How to fill one out
The process for filling out a certified personal check versus a cashier’s check significantly differs. You won’t need to bring a personal check or fill one out since the bank prints the cashier’s check with the information on it. Instead, you’ll just need your photo identification (for in-person requests) and information about the payee and the check amount.
If you visit a branch, tell the bank employee you want a cashier’s check. You may pay a fee, and if you do business with a bank where you’re not a member, you’ll need to provide cash to purchase the check. After reviewing your identification and the information you provide, the bank employee will print and sign the cashier’s check and give you the receipt.
Online requests for cashier’s checks require accessing your online banking website and selecting the right option. You’ll need to state the check amount, fill in the payee’s information, confirm your mailing address and specify the account from which to withdraw the funds. Your bank should show you a confirmation and the estimated delivery time.
Where to cash it
You can cash a cashier’s check at the same types of places that accept certified checks. Your financial institution or the issuing one should cash it without an issue. But if you lack a bank account, you can consider third-party services and local banks that may cash your cashier’s check for a fee.
Bring your photo identification with you for in-person transactions. In addition, make sure you endorse the back of the cashier’s check. Be aware of any check amount limits at places like grocery stores.
How to get a replacement check
As it’s even less likely you can stop payment on this kind of check, you’ll need to go through the same detailed process for replacing a certified check. This means letting your bank know about the issue, presenting documentation and filling out a declaration form for the lost, damaged or stolen check. Your bank will have you specify that you want the check replaced and will likely charge you a fee.
In addition, the bank may request that you get an indemnity bond for the cashier’s check amount. You usually won’t get your replacement check immediately — it can take up to 90 days.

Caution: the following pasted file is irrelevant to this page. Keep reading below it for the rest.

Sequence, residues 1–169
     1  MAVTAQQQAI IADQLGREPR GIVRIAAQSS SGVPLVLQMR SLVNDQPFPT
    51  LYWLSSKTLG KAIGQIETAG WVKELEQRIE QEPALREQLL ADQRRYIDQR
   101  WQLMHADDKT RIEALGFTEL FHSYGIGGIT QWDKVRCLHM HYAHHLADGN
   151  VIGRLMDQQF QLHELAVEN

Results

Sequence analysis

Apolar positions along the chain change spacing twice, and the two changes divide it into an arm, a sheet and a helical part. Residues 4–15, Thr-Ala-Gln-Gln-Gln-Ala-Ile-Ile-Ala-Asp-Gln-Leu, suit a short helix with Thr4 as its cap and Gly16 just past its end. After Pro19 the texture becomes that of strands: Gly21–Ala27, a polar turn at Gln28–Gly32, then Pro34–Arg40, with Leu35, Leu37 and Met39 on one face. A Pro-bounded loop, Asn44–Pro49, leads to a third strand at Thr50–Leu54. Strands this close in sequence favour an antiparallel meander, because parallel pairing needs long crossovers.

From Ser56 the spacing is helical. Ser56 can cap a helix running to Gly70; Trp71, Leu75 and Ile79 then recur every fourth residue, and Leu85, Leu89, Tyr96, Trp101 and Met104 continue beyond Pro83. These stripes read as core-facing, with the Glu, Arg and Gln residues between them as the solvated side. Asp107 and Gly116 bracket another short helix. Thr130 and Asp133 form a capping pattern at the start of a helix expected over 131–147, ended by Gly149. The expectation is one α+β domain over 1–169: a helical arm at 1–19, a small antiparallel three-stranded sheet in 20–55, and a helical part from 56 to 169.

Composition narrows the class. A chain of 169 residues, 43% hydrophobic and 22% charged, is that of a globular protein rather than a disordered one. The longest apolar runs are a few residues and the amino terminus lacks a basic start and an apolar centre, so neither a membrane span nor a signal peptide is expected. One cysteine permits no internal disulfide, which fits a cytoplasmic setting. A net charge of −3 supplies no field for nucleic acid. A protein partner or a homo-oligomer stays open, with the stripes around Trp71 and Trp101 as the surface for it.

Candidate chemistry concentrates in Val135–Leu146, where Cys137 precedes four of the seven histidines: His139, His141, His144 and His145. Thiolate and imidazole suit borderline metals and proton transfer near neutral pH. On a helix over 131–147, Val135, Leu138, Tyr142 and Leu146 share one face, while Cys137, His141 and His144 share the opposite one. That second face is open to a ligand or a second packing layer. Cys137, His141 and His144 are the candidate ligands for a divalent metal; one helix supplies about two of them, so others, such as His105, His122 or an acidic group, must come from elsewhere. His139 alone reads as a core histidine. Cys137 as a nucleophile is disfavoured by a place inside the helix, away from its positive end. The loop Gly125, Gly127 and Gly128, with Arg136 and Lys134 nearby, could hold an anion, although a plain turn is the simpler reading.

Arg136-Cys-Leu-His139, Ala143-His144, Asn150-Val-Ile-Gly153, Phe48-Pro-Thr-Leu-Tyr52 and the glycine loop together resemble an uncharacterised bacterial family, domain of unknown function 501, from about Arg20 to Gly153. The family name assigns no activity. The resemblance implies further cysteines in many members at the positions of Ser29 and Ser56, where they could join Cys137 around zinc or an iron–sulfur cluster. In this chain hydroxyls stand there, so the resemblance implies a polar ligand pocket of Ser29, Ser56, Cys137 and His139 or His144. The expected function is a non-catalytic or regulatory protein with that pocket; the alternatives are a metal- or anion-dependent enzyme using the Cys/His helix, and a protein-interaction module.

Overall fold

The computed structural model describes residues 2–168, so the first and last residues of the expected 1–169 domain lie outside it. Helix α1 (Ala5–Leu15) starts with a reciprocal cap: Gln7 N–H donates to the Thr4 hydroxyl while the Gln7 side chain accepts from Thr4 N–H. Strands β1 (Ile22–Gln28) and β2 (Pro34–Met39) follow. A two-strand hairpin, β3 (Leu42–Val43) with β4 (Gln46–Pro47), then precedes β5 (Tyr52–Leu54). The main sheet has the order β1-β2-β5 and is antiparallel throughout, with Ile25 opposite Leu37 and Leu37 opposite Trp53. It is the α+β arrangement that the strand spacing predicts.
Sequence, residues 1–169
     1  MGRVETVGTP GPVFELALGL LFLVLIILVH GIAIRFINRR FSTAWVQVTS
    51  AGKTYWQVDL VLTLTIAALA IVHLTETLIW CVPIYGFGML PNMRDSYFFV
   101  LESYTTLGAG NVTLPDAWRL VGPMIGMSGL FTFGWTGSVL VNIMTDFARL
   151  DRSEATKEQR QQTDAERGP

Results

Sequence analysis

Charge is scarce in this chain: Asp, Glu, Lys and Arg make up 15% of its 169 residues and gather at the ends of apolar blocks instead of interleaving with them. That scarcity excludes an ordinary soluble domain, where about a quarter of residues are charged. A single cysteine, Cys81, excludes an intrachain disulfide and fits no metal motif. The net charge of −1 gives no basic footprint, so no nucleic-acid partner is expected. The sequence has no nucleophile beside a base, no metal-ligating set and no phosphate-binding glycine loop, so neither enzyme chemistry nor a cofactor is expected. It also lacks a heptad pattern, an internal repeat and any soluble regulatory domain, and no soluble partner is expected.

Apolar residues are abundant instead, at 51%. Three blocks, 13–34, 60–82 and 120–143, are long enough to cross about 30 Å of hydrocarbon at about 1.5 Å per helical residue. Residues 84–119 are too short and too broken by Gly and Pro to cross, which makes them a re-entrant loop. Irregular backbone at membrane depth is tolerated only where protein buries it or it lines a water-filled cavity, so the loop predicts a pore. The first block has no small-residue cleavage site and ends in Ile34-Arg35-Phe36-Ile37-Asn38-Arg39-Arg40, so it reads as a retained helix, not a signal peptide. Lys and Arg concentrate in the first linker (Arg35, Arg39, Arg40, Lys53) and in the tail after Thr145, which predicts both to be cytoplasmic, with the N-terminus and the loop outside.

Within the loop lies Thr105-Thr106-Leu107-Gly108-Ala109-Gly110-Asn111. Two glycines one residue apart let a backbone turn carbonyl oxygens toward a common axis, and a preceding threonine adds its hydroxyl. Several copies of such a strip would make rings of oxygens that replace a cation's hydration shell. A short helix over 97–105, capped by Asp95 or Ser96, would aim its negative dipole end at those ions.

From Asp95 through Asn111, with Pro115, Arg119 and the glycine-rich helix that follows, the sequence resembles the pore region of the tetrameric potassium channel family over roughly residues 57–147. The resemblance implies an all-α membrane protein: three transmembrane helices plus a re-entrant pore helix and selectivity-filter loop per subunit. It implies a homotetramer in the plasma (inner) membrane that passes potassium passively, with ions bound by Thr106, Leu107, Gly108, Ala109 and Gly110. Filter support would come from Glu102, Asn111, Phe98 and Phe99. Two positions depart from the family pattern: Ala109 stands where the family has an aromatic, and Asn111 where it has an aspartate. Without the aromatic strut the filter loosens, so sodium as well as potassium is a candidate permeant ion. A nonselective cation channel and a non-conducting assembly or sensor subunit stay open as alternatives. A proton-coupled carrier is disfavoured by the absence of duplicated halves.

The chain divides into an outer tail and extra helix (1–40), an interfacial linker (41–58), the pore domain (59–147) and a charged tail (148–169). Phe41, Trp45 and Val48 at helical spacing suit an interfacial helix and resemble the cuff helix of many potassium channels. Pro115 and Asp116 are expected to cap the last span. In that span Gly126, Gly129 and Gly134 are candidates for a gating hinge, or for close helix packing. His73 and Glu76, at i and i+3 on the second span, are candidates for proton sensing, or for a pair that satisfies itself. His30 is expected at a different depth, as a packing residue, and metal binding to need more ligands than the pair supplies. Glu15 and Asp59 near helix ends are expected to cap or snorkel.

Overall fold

Are there Certified or Cashier’s Check fees?
You won’t need to pay a fee if you plan to write a regular personal check that the bank doesn’t certify. However, financial institutions often charge fees for certified checks and cashier’s checks. The cost depends on the institution but is usually similar for both bank check types. You’ll often pay up to $20, and it may cost more for a mailed check.
The best checking accounts may include a fee waiver for bank checks at any time or if you have a certain account balance. In addition, your bank could offer an add-on that saves you bank check fees. You can find specific details in your bank account agreement or contact your bank or credit union directly.
What are the biggest differences?
The main difference is that a cashier’s check is written against the bank’s account, while a certified check is written against the payer’s personal account. Therefore, a cashier’s check guarantees against the check bouncing. Further, the bank prints and signs a cashier’s check, but the payer fills out and signs a certified personal check. Banks offer cashier’s checks more often than they do certified checks.
Which is the safest option?
When considering a certified check versus a cashier’s check, the latter offers more assurance to the payee. While rare, a certified check could still bounce if the check writer’s account somehow falls short. This won’t occur with a cashier’s check since the bank has already written it against its account. This makes it a guaranteed check.
Cashier’s checks also offer more safety because they don’t reveal the payer’s personal bank account information. Instead, these checks show the payee’s and purchaser’s names along with the bank’s account, routing numbers and identifying information. In addition, cashier’s checks have security features that banks can use to verify legitimacy.
Be sure to check scams and fraudulent checks
If you receive an unexpected cashier’s or certified check, it could relate to one of the many bank check scams. For example, you might get a fake cashier’s check with a letter that you’ve won some lottery, obtained a mystery shopper job or paid too much for something. The check could also claim to come from an insurance company.
Avoid cashing such suspicious checks. If the check eventually bounces, your bank can charge you a bounced check fee, and you might also incur overdraft fees if you spend the money. Plus, there are legal issues with cashing a fraudulent check.
If you receive a potentially fake check, ask your financial institution to examine it. While such checks might look real initially, they may feature a made-up bank name or invalid contact information. These checks can also lack security features such as watermarks. If the check is fake, you can contact entities such as the post office, Federal Trade Commission and attorney general to report it.
Choose the best check option for your needs
When deciding on a certified check versus a cashier’s check, consider the level of assurance the payee prefers. While both are safe options, a cashier’s check is the best choice for guaranteeing the funds. A cashier’s check is also more likely available through your financial institution, so you might not even have the option of a certified check. If your bank does offer both check options, looking at the fees can also help inform your decision.